Those of us who sit in an office often feel a lack of connection to the material world and find it difficult to say exactly what we do all day. For those who felt hustled off to college, then to the cubicle, Shop Class as Soulcraft seeks to restore the honor of the manual trades as a life worth choosing.

Crawford intersperses personal narrative, detailed descriptions of grappling with stubborn motorcycles with history and philosophy as he diagnoses our dissatisfaction with abstracted office work.  But abstracted office work is often preceded by abstracted schoolwork.

In a chapter entitled “A Brief Case for the Useful Arts,” which paradoxically calls to mind many recent essays attempting to defend the liberal arts and humanities against the encroachment of more pragmatic areas of study, Crawford explains how “blue collar” trade and craftsmanship brings human beings into contact with a stubborn, material world that resists our manipulation and ideological interpretation.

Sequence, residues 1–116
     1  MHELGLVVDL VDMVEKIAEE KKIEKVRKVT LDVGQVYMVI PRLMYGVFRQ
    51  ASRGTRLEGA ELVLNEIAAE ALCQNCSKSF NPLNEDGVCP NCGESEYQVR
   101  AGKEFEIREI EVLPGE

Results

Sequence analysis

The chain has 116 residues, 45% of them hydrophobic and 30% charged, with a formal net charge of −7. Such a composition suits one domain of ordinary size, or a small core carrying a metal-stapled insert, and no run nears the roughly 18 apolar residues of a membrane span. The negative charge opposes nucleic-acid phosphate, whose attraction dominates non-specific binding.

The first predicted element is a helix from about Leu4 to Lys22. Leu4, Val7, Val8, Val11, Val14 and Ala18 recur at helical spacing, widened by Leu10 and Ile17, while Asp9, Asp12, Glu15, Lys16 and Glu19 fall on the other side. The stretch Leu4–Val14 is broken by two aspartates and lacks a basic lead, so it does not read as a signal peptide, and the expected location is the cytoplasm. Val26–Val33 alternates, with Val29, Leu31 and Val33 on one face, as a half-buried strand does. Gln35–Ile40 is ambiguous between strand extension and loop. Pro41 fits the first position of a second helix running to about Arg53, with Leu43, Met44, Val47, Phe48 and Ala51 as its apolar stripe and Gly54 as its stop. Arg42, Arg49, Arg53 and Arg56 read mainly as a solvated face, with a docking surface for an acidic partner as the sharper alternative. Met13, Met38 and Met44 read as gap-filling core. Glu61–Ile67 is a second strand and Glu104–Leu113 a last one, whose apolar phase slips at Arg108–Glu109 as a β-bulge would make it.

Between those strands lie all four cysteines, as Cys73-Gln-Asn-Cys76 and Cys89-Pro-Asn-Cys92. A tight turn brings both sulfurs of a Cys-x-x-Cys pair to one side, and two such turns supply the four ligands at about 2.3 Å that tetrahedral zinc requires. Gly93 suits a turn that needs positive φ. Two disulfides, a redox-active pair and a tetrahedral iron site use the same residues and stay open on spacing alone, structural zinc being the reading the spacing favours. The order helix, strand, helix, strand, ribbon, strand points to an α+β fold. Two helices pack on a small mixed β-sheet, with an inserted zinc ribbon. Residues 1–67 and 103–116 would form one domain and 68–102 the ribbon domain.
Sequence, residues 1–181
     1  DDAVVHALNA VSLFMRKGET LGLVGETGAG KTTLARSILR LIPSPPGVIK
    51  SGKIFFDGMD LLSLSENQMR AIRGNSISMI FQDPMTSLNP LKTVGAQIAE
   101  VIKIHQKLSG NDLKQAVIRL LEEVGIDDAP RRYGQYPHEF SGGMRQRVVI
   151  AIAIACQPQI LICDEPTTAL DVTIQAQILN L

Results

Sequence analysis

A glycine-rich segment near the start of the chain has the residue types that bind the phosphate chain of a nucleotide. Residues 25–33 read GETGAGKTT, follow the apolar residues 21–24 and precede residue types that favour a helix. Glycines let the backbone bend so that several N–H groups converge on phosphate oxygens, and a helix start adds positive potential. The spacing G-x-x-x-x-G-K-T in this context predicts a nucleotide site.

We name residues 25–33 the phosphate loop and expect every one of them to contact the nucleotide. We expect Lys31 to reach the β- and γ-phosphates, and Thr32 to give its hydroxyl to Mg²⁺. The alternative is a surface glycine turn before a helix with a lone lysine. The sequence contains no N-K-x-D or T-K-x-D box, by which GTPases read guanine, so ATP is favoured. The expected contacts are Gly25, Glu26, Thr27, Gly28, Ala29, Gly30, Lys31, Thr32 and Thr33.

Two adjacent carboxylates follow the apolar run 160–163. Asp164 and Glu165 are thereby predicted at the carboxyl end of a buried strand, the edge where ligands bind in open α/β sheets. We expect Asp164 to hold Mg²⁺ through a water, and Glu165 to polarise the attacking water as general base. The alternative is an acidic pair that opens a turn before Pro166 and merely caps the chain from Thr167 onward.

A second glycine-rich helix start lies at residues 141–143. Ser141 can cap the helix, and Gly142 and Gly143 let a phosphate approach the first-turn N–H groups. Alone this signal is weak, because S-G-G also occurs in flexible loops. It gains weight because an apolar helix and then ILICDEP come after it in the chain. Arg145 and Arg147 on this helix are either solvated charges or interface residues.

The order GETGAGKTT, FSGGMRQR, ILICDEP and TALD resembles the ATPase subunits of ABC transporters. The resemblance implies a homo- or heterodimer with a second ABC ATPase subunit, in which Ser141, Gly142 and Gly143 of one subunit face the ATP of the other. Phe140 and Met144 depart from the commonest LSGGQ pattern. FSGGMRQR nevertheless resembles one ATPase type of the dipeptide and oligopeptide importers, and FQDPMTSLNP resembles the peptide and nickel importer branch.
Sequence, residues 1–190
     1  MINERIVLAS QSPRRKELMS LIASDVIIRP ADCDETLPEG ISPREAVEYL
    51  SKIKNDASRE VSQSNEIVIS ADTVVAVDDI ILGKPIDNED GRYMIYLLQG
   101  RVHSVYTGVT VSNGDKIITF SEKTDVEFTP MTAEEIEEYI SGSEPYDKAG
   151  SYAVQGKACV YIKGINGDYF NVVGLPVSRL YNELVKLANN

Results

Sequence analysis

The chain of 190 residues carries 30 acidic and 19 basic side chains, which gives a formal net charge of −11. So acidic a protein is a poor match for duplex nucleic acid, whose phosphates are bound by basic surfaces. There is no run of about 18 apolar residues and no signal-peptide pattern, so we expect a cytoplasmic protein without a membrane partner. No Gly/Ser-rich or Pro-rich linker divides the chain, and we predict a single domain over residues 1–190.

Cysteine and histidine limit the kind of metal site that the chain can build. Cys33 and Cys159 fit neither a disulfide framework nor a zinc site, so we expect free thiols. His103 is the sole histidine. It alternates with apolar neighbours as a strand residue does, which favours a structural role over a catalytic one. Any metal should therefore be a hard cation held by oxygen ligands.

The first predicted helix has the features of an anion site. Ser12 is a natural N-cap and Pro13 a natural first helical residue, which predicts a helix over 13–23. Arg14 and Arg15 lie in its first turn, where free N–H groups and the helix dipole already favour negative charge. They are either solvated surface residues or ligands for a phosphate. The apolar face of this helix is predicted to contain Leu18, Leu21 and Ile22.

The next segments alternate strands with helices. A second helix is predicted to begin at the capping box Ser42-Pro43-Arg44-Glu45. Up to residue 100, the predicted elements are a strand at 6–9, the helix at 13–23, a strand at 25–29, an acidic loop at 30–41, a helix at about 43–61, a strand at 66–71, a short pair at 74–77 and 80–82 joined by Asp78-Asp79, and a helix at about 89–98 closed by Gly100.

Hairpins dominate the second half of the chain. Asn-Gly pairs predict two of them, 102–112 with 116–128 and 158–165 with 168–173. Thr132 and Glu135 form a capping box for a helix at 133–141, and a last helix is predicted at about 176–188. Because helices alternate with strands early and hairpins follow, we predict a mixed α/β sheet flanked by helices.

In other words, shop class reorients us toward reality:

The craftsman’s habitual deference [unlike the consumer or typical student] is not toward the New, but toward the objective standards of his craft. However narrow in its application, this is a rare appearance in contemporary life–a disinterested, articulable, and publicly affirmable idea of the good. Such a strong ontology is somewhat at odds with the cutting-edge institutions of the new capitalism, and with the educational regime that aims to supply those institutions with suitable workers—pliable generalists unfettered by any single set of skills. (19, emphasis added)